Hamentashen Cookies: A Purim Tradition

Hamentashen are triangle fruit cookies served and eaten during the Jewish holiday of Purim which falls this year on March 20th for two days. They are recognizable for their three-cornered shape, a symbol of “Hamen”, a villain in the Purim story (who always wore a three cornered hat). The story of Hamen and Purim appears in the Biblical book of Esther. Purim is often celebrated by attending children’s carnival celebrations as well as the giving of food gifts to friends (including Hamentashen) and gifts to charity. The Hamentaschen shape is achieved by folding the sides of a circular piece of dough with a filling of apricot, prune, poppyseed strawberry, blackberry and even chocolate filled in the center. This recipe is wonderful, and kids love making and eating them.

Note: This recipe was given to me from a friend which she found on Allrecipes.

Hamentashen

Cook Time:

15 minutes

Prep Times:

2 hours

Yield:

3 dozen

Ingredients:

11/2 cups butter or margarine, softened
1 cup granulated sugar
2 eggs
6 tablespoons fresh orange juice
1 tablespoon vanilla extract
2 teaspoons baking powder
41/2 cups all-purpose flour
Various jams such as apricot, blackberry, strawberry or prune or chocolate filling

Preparation:

1. In a large bowl, cream together the butter and sugar until smooth. Beat in the eggs one at a time, then stir in the orange juice and vanilla. Mix in the baking powder, then gradually stir in the flour until the dough forms a ball. Cover and refrigerate at least 2 hours or overnight.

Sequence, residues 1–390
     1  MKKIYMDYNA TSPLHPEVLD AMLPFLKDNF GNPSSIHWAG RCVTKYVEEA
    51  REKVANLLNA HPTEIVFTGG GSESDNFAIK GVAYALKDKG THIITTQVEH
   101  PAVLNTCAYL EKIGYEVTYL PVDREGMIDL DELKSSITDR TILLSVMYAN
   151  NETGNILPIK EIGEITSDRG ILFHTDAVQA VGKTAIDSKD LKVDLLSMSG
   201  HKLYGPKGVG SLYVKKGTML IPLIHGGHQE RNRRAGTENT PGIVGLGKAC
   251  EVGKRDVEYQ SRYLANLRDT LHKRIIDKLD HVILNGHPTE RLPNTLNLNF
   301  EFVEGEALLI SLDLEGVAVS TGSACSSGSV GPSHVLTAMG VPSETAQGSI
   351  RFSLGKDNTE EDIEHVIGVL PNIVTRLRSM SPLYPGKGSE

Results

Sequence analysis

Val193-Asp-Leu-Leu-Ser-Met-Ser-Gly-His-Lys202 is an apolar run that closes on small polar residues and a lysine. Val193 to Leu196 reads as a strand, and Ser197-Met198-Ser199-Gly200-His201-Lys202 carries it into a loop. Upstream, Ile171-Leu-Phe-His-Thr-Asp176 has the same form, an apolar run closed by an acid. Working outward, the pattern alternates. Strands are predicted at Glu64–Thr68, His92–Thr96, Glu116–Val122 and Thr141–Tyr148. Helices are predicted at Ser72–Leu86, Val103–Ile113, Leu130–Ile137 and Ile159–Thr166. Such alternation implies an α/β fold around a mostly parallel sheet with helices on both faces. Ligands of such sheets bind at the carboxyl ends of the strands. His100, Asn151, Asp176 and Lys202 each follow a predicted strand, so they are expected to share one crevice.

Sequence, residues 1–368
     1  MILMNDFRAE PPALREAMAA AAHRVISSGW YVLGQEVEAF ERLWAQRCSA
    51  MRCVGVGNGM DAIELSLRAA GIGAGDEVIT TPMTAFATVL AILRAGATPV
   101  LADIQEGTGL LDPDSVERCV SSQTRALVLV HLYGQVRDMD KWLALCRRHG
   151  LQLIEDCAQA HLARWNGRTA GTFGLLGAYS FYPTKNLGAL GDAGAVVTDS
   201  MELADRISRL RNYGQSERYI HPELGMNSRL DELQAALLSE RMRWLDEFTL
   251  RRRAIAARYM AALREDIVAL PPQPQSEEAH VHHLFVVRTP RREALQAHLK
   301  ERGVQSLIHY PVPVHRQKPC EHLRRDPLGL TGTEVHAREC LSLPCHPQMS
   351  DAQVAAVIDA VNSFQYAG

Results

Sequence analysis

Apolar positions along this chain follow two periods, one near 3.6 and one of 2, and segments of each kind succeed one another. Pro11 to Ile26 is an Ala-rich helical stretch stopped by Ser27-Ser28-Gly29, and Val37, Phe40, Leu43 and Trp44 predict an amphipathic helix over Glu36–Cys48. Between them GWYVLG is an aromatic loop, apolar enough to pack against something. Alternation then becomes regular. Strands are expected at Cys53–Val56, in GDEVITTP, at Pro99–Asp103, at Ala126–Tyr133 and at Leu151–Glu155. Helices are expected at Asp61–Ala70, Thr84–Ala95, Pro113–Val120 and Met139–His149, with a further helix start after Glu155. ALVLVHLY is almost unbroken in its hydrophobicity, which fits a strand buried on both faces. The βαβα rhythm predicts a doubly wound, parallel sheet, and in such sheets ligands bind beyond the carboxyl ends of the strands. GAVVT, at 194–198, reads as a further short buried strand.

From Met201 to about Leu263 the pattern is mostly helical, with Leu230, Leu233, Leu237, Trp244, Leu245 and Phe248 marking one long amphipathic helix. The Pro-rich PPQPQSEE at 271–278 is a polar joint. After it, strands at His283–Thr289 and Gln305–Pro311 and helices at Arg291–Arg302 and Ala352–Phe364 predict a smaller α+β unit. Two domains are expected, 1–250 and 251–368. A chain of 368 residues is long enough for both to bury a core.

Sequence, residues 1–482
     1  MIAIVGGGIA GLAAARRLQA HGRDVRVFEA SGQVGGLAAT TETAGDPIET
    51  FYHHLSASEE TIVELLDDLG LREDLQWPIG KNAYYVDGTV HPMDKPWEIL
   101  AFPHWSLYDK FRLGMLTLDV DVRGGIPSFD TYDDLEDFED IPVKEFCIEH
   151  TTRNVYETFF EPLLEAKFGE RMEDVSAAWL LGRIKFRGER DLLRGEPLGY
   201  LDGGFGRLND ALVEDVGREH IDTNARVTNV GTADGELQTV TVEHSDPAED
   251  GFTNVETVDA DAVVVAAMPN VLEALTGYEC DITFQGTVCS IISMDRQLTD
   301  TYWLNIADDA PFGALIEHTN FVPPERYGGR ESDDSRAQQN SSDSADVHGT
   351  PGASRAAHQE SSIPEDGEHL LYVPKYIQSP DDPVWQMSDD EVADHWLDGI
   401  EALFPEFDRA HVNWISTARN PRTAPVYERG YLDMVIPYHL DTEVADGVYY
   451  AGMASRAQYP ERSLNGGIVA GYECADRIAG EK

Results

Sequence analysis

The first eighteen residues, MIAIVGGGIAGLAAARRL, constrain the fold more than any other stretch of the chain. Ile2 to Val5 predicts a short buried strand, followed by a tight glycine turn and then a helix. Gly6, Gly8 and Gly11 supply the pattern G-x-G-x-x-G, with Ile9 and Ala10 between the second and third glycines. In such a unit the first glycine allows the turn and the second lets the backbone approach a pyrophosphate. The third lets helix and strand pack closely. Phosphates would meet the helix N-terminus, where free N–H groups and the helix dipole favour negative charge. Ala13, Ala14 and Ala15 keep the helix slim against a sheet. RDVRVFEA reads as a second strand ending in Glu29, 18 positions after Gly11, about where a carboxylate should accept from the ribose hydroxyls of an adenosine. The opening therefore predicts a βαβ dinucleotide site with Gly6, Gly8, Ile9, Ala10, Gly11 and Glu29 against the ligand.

2. Preheat the oven to 375 F (190 C). Lightly grease cookie sheets and set aside.

3. On a lightly floured surface, roll the dough out to 1/4-inch thickness. Cut into 3-inch circles using a cookie cutter or drinking glass. Place circles on the prepared cookie sheets. Spoon 1 teaspoon of filling onto the center of each circle. Pinch the sides of each circle to form a triangle, covering as much of the filling as possible.

Note: The cookies may be frozen on the cookie sheets if desired to help retain their shape while cooking.

3. Bake for 8 to 10 minutes in the preheated oven, until light golden brown. These are best undercooked slightly. Cool on the baking sheet for a few minutes before removing to wire racks to cool completely.

17 thoughts on “Hamentashen Cookies: A Purim Tradition”

  1. Alison, I like the look of the dough and can imagine the taste. Ooh orange juice in the dough!! Trying to think if I can squeeze in Hamantaschens baking today. S is home from college and I bet he does not even remember it’s Purim. Happy Purim!!

  2. Purim is a one day holiday. All Jewish holidays begin at sundown and continue to the following evening, therefore ONE day. There are two day and eight day holidays, this is just one day. (corrected note: in ancient walled cities, the holiday is celebrated a day earlier, eg Jerusalem).

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